In 2019, during the Competitiveness Council (COMPET) meeting, no qualified majority of Member States supported public CbCR.4 Prior to the COMPET meeting, 10 Member States issued a joint statement opposing the proposal, asserting that the introduction of this legislation would require unanimity among EU Member States as it should be considered a taxation proposal.
Portugal, who held the Council Presidency for the first six months of 2021, issued a new compromise text and brought up the proposal for discussion during the 25 February 2021 COMPET meeting.5 This meeting concluded with a qualified majority of Member States supporting the proposal. Austria and Slovenia, who were against the proposal in 2019, reversed their position and expressed their support for the proposal.
After that, trilogues (i.e., between the Commission, Parliament and Council) started in March 2021 during which co-legislators continued their discussions based on their respective negotiation mandates. Co-legislators reached a provisional compromise deal on the proposal during a final round of negotiations on 1 June 2021.
Following this agreement, formal adoption of the proposal by the Council and the European Parliament was set in motion. On 28 September 2021, the Council formally adopted its position which was broadly in line with the compromise text provisionally agreed on 1 June 2021, with two main amendments:6
European Parliament approves public CbCR Directive
During its plenary session on 10 November 2021, the European Parliament scheduled a debate on the public CbCR Directive as amended by the Council on 28 September. The Directive was then put to a vote the following day which resulted in the formal approval of the Council position by the European Parliament.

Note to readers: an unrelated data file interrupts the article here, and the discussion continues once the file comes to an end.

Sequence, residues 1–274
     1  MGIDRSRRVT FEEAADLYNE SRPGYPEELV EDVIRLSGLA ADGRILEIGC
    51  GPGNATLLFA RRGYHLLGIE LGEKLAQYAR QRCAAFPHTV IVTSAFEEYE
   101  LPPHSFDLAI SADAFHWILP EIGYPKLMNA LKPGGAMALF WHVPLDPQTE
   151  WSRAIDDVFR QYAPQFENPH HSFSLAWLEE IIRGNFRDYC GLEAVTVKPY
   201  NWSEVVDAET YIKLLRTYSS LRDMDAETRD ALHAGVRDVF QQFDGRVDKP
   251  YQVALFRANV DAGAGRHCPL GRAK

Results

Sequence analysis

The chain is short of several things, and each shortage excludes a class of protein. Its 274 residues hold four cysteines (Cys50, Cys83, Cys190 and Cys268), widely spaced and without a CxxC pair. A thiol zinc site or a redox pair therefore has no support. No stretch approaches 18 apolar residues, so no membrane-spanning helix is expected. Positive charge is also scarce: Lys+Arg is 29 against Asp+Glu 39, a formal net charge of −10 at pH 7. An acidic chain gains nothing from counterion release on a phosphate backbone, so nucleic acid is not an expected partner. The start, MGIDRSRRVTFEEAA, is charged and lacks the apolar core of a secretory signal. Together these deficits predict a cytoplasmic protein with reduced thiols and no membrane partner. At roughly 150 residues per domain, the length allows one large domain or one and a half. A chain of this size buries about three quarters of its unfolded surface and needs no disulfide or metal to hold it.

The adopted Council’s position, as now also approved by the European Parliament, is broadly in line with the compromise text provisionally agreed on 1 June 2021 and most of the changes to the compromise text are linguistic. The two main updates to the text of the Directive are summarized below.
Data to be disclosed on a country-by-country basis
The compromise text of 1 June mentioned that the information should be disclosed on a country-by-country basis, and thus be disaggregated, for all 27 EU Member States and all jurisdictions included in Annex I and Annex II of the Council conclusions on the EU list of non-cooperative jurisdictions for tax purposes. For Annex I, the jurisdictions in scope must have been listed on 1 March of the financial year for which the report should be drawn up. For Annex II, the jurisdictions in scope must have been mentioned on 1 March of the financial year for which the report should be drawn up for two consecutive years. For all other third jurisdictions, the information should be disclosed on an aggregated basis.
The requirement for jurisdictions to be mentioned in Annex II on 1 March for two consecutive years gave rise to uncertainties as to the interpretation of the consecutive nature of the listing. The updated Council’s position has now clarified that for Annex II, the jurisdictions that are in scope are those that were mentioned in that Annex on 1 March of the financial year for which the report on income tax information is to be drawn up and on 1 March of the preceding financial year.